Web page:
“What am I hoping to get?”
Once we’ve admitted to ourselves that we’re doing our work (at least partly) for ourselves, we can think more clearly about our motives by asking “What am I hoping to get from doing this?”
And we’re probably hoping to get several things: the knowledge that we’ve helped someone, the satisfaction of a job well done, that we’ve contributed to solving a problem, or made things a bit better. We might also be hoping to get paid, to be liked and appreciated or admired, to do something we enjoy, or be in a particular place, or spend time with people we want to be with.
Once we’ve uncovered these sources of motivation, we can think more clearly about how we feel about our work and people’s response to it.
“I want to make a contribution”
… is a fine motivation. The next questions are “Who is it for?” and “What do I want to give?” (coming soon).
“I want to be appreciated and admired”
… are motivations that we’re less proud of, but it does us good to notice and admit them, because they’re usually there.
It can be helpful to think about the causal relationship (if any) between these motivations and our contribution. We want to be admired on the basis of our contribution, be it through our professional work, or our kindness as a neighbour. I’m reminded of Adam Smith’s saying:
Man naturally desires, not only to be loved, but to be lovely; or to be that thing which is the natural and proper object of love.”Adam Smith – Theory of Moral Sentiments
This is to say that we want genuine and deserved affection from the people we serve or work with, not wrongly-placed affection (which makes us feel like a fraud because we don’t deserve it).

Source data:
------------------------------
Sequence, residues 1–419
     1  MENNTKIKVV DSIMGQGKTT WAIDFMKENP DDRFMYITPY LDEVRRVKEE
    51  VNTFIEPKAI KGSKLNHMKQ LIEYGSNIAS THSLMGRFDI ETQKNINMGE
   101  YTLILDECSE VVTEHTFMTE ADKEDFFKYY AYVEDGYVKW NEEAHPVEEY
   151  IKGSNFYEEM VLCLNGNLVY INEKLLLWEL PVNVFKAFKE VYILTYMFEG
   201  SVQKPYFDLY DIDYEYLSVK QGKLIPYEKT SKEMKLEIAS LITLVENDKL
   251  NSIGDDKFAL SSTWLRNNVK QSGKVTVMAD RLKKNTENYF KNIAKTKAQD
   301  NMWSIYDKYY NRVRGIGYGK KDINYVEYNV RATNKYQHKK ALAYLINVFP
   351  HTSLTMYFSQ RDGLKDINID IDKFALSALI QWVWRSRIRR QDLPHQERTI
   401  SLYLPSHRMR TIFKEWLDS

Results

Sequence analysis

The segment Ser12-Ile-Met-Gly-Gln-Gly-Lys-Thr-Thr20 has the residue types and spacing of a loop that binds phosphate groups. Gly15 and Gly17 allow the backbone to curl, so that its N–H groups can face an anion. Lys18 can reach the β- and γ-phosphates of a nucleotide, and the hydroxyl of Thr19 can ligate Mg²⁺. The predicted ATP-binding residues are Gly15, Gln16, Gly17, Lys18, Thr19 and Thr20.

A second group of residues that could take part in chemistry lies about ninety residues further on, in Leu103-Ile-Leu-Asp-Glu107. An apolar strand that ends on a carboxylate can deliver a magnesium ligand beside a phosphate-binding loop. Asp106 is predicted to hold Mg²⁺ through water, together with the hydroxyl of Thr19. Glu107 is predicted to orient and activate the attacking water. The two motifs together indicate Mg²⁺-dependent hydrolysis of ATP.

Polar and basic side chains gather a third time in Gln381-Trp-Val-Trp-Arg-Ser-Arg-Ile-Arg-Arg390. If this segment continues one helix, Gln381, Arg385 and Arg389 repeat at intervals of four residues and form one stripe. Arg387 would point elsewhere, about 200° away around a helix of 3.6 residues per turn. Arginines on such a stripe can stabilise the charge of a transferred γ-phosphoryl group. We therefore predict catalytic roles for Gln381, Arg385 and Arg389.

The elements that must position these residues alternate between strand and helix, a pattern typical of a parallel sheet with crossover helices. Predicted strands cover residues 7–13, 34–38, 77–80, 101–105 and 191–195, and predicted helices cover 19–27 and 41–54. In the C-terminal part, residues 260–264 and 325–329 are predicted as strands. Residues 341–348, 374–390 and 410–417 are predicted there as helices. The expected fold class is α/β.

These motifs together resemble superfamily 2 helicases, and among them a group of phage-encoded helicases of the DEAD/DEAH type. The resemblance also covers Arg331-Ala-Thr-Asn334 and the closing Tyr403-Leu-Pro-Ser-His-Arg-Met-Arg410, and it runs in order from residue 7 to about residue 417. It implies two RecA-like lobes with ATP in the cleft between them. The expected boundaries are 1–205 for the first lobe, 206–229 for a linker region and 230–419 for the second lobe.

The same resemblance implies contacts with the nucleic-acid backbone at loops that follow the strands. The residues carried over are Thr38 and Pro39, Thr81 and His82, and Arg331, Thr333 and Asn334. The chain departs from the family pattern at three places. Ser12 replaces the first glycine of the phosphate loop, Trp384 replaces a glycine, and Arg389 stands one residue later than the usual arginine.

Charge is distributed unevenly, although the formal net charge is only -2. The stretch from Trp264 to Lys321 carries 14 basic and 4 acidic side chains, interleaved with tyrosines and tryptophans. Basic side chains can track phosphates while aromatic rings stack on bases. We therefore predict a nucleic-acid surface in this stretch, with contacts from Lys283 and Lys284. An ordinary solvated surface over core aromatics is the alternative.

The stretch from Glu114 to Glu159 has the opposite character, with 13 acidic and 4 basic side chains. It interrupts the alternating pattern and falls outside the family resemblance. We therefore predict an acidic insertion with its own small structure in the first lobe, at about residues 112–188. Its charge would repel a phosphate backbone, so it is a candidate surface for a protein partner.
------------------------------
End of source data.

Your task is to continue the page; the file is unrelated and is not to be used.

Recognising this lets us focus again on the people we seek to serve, and on contribution. We start thinking “If I contribute my skill / care / art / humanity in a way that helps people, I’ll be appreciated. If I don’t, I don’t want to be.”
Thinking clearly about this is a step towards freeing ourselves from feeling hard done by or under appreciated – we’re no-longer doing our work for praise or affirmation (Seth Godin points out that there’ll never be enough of this), but because we want to make a contribution, with appreciation as a byproduct.
And we can go a step further: if we only wanted to be appreciated for our contribution, and we feel that we’ve made a contribution but aren’t appreciated or recognised… does it matter?
“I want to get paid… and maybe enjoy the buffet.”
Can go either way. Do you want to get paid through the nose for doing little work? Then you’re not working with contribution in mind, and you’re right to feel uncomfortable.
Do you want to get paid enough that you can keep doing this? This may be a lot or it may be a little depending on your circumstances. You may need to charge quite a lot – it might feel like a lot when you factor in fair wages, health insurance and pensions for your team… But you’ve made the switch from focusing on money to focusing on contribution, and on keeping on contributing.
It’s possible, of course, that there won’t be a buffet, and that people won’t pay you as much as you need or hope for. For one reason or other, your contribution isn’t worth as much to them as you think it is. You may need to change what you do, or change the story, or change your audience, or change who’s paying… and if you still can’t find a way, remember that you’re focusing on contribution, so the question becomes: “How are you going to find a way to do it anyway?”
Your business model might be “I will work a day job and do this for almost nothing,” because you’re doing it to make a contribution. Which is hard, but possible. There isn’t a necessary connection between the work you want to do, and getting paid ‘enough’ – but by looking at things the right way you might just find one.